The relationship between pollinators and grazing livestock on rangelands is often underappreciated. But thanks to research being done across the Great Plains, ranchers will be able to better understand how they and pollinating insects can help each other.
Everybody and their dog knows pollinators are vital to the overall ecological health of the Earth. But just how important are they to livestock producers in particular? Perhaps just as pivotally, can grazing livestock not only coexist but be a benefit to these insects?
Organic dairy producers must follow many rules that seem to heighten the
struggles every dairy faces. One of these regulations requires all
organic dairy cattle to spend a minimum of 120 days each year on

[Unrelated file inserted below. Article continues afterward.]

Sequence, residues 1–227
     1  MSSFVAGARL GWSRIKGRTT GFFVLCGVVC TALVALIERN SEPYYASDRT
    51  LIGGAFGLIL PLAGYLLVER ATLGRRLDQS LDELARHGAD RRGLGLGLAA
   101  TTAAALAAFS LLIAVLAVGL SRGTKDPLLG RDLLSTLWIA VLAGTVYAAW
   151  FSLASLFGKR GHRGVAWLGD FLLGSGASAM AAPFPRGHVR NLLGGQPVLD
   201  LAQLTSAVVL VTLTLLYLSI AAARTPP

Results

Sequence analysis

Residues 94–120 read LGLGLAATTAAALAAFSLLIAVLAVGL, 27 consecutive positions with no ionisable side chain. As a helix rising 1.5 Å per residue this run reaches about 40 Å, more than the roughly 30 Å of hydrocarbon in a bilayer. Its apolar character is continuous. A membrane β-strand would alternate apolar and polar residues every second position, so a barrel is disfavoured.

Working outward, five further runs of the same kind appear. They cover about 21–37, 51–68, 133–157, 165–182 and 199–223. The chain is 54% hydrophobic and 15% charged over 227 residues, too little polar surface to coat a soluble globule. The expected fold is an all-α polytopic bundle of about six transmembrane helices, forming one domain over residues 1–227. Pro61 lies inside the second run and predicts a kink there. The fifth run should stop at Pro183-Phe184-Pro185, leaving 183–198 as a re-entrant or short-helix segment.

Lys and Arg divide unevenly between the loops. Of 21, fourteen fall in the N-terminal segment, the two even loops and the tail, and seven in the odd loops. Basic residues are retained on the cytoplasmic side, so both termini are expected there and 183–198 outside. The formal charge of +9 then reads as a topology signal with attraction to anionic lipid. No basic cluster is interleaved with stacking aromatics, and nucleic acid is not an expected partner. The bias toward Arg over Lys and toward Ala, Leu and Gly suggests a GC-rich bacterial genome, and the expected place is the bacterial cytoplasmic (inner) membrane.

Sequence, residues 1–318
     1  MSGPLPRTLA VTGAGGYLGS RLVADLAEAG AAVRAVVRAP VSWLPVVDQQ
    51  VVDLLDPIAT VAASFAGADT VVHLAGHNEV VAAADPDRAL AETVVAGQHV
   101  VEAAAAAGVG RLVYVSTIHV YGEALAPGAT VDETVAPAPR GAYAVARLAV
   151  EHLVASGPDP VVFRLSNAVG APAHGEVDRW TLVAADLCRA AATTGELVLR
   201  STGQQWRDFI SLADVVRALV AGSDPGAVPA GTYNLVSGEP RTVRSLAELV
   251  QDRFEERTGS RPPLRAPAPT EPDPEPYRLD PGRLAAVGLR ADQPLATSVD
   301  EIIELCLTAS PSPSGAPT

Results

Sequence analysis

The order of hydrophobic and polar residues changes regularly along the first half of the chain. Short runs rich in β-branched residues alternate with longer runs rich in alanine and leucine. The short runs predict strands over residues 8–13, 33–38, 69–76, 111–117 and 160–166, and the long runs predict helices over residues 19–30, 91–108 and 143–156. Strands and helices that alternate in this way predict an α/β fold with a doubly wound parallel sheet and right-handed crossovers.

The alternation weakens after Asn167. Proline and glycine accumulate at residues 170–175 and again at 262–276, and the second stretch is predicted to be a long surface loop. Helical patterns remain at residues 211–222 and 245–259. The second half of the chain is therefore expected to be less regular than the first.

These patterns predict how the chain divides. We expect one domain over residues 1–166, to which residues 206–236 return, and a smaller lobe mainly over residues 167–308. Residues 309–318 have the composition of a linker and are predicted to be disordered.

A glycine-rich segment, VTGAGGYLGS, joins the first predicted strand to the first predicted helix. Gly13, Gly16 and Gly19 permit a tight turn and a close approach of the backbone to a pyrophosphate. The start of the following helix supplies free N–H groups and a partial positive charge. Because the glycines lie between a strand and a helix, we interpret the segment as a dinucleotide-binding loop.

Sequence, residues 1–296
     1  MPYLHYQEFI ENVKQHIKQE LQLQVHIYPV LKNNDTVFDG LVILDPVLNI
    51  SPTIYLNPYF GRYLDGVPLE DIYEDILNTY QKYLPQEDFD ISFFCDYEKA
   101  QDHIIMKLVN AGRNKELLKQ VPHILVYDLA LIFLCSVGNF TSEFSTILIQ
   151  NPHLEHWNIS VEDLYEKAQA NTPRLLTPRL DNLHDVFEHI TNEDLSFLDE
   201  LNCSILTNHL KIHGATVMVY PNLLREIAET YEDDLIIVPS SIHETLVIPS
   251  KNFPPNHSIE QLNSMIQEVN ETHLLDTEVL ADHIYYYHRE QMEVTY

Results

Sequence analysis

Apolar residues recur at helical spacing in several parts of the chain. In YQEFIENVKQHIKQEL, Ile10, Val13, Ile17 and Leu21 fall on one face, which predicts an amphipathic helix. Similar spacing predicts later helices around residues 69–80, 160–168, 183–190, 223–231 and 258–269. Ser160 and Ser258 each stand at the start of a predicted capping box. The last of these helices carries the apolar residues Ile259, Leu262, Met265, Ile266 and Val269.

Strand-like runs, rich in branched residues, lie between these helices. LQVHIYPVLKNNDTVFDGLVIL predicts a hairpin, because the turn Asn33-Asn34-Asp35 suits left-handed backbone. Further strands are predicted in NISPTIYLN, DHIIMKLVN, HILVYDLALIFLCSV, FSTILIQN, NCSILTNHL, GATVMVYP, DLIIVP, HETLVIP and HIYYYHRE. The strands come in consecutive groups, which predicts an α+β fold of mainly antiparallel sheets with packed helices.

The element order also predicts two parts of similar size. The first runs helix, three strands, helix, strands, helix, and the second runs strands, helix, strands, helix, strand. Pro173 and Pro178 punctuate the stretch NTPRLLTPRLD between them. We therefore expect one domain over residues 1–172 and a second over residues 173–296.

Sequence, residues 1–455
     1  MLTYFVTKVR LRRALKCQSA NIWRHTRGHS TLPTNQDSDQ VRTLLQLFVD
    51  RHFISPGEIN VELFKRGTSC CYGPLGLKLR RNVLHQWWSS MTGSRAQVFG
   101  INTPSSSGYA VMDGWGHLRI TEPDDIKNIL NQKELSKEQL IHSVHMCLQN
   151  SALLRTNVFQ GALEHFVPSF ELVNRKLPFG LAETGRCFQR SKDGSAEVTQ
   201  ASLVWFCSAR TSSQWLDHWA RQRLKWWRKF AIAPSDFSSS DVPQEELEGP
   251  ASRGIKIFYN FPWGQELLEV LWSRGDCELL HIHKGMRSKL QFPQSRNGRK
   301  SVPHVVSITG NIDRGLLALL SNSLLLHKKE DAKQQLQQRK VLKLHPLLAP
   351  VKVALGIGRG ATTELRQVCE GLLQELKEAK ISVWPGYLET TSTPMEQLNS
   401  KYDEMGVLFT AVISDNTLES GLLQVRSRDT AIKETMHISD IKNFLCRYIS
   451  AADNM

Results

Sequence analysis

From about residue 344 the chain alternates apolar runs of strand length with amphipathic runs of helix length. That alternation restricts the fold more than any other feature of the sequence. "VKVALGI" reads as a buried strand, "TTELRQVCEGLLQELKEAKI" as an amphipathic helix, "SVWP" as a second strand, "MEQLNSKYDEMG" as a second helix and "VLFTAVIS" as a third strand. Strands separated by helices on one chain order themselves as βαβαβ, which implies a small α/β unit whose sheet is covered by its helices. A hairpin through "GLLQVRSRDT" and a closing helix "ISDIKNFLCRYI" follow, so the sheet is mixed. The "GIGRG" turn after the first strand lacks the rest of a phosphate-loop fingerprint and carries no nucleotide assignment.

pasture, which in some areas can be the entire grazing season.
Determining optimum timing for harvest – to find the best balance between high yield and high quality – has always been a challenge, especially with alfalfa crops, while factoring in the best timing for weather.
Plants need nitrogen to grow and produce high-quality crops. How much will be required is difficult to predict with absolute certainty. What we do know is that the soil in crop fields can be a very important source of nitrogen for crop growth.
There are numerous approaches to manage nitrogen to fertilize crops. Many of the pros and cons were described and summarized in the 2018 Agronomy Journal publication “Strengths and Limitations of Nitrogen Rate Recommendations for Corn and Opportunities for Improvement.”
It always pays to plan ahead for the next crop season. Steven Hines, University of Idaho extension educator for Jerome County, says things a producer needs to think about during winter include maintaining machinery, such as the corn planter.